The result was a reconceptualization of the meaning of violence and a refusal to create political martyrs who might foment further protest. The Spanish government's reliance on the classical notion of the rational and responsible individual law breaker led to a disastrous handling of two anarchist incidents in the first decade of the twentieth century.
In 1906, after a needlessly politicized trial for attempted regicide, the anarchist educator Francisco Ferrer was inadvertently turned into a heroic martyr by the authorities. Three years later, he was made a scapegoat for being the ringleader of a riot in which one hundred people were killed by army reservists. Whereas criminal anthropology might have pathologized Ferrer and weakened his influence, instead he “became another Giordano Bruno or Galileo, an enlightened thinker who seemed to be the innocent victim of the reactionary policies of a Spanish government dominated by clericsâthe sacrificial offering of a new Spanish Inquisition.”
The German medical community showed a considerable interest in criminological questions from the 1880s. German doctors had long enjoyed a standing contact with the criminal justice system as forensic psychiatrists in the courts and as prison physicians in the correctional system. As a result, the medical profession felt compelled to respond to Lombroso's biological theory of crime.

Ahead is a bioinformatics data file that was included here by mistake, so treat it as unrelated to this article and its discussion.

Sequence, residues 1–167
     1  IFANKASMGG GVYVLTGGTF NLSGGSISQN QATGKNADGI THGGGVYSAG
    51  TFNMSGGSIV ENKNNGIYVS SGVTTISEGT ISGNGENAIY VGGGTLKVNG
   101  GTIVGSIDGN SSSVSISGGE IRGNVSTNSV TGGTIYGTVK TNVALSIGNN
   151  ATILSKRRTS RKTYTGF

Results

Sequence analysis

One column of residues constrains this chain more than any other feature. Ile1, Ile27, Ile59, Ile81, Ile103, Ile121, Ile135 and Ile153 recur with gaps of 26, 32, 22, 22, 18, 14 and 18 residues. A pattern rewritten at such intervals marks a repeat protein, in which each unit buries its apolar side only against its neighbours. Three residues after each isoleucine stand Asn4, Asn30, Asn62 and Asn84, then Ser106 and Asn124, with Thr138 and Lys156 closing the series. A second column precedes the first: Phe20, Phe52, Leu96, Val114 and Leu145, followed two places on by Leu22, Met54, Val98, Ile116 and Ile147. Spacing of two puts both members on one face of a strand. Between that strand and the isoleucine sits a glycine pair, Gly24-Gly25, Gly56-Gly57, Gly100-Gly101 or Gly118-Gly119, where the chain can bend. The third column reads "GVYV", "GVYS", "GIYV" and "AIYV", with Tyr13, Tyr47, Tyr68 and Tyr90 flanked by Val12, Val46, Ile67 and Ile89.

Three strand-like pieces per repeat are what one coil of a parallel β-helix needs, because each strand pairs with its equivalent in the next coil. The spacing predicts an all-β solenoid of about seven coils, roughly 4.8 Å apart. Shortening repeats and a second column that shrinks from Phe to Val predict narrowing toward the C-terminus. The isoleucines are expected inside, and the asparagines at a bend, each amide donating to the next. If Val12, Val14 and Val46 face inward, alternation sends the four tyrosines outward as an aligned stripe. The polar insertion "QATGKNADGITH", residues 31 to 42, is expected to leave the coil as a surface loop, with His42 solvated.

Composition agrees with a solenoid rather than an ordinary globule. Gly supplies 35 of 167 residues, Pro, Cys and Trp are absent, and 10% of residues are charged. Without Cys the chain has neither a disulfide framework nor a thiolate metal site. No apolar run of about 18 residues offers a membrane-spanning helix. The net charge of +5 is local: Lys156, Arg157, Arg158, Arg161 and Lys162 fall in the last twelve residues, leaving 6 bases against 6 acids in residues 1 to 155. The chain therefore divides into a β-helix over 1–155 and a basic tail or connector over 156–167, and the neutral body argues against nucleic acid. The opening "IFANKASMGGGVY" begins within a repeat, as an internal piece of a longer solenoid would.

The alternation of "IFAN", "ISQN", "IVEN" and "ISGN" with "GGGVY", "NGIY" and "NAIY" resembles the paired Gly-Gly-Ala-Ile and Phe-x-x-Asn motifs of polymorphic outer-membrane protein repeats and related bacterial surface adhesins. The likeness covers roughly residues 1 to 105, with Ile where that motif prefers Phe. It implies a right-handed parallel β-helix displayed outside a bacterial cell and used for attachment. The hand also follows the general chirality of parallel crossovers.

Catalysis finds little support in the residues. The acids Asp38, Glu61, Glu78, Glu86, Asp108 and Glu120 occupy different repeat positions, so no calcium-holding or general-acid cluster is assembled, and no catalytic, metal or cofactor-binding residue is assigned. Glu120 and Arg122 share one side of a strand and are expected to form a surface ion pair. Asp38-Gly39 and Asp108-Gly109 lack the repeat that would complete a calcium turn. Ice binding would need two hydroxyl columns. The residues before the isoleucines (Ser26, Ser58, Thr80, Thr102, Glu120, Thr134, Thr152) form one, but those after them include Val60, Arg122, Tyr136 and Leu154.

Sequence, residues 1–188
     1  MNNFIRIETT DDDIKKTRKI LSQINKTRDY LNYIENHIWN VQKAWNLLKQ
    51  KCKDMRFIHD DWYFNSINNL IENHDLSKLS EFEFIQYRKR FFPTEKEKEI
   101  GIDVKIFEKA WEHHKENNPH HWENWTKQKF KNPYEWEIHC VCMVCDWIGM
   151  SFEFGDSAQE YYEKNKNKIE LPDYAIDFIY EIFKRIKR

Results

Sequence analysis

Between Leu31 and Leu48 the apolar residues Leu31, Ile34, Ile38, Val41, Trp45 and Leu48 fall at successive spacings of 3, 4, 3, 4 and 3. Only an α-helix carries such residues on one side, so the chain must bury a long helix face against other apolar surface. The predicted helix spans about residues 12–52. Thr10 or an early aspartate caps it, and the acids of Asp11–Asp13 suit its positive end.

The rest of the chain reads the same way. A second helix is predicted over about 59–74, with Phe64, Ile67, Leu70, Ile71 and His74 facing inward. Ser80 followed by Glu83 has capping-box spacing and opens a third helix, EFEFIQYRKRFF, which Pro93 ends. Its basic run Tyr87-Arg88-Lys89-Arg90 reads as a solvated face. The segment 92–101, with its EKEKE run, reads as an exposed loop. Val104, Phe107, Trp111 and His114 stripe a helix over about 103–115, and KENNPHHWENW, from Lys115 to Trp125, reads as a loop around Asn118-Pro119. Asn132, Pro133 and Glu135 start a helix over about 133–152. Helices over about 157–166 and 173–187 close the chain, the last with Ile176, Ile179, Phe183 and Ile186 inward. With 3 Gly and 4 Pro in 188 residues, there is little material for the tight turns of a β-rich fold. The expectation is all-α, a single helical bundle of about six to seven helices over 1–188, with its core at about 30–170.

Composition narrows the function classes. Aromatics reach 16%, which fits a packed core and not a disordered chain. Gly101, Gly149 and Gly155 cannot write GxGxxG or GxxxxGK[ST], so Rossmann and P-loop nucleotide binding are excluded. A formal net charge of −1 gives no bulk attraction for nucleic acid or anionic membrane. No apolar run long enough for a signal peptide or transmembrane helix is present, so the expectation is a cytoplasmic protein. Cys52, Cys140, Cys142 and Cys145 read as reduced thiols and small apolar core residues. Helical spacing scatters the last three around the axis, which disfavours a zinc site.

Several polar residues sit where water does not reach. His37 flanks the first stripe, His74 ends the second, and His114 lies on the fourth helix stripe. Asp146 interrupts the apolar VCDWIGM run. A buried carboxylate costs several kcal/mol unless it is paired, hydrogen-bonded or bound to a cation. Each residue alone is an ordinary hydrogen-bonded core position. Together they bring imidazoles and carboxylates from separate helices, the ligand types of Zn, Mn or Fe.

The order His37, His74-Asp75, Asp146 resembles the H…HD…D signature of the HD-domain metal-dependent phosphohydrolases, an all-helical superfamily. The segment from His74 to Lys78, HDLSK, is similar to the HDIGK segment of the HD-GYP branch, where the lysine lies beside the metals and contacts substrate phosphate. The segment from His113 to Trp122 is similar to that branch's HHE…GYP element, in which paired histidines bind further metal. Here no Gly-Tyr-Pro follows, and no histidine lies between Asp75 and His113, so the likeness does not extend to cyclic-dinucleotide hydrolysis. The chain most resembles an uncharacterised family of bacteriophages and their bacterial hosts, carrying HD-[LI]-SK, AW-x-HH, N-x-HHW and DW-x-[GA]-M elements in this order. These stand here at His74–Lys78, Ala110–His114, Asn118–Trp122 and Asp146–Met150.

By the 1870s it was standard procedure to call a medical doctor to the court if a defendant's mental condition was in question. Ten years later it was known that there was a greater incidence of mental illness among prison inmates compared to the general population, although it was difficult to distinguish those who became ill after conviction from those who were so beforehand. Whereas pre-Lombrosian psychiatry was concerned with the offender as an exceptional phenomenon, the exploration of a general link between insanity and crime became the norm after Lombroso.